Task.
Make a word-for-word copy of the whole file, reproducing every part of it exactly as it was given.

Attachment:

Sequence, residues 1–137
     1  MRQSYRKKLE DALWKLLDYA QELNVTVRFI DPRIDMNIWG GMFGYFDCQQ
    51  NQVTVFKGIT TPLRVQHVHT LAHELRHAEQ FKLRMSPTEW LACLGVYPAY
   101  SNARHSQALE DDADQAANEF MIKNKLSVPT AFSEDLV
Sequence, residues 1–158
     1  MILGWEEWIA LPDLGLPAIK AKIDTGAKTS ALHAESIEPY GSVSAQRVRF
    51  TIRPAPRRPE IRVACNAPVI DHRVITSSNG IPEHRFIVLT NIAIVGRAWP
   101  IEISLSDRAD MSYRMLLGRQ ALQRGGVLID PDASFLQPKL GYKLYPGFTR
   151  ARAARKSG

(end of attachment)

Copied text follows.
Sequence, residues 1–137
     1  MRQSYRKKLE DALWKLLDYA QELNVTVRFI DPRIDMNIWG GMFGYFDCQQ
    51  NQVTVFKGIT TPLRVQHVHT LAHELRHAEQ FKLRMSPTEW LACLGVYPAY
   101  SNARHSQALE DDADQAANEF MIKNKLSVPT AFSEDLV
Sequence, residues 1–158
     1  MILGWEEWIA LPDLGLPAIK AKIDTGAKTS ALHAESIEPY GSVSAQRVRF
    51  TIRPAPRRPE IRVACNAPVI DHRVITSSNG IPEHRFIVLT NIAIVGRAWP
   101  IEISLSDRAD MSYRMLLGRQ ALQRGGVLID PDASFLQPKL GYKLYPGFTR
   151  ARAARKSG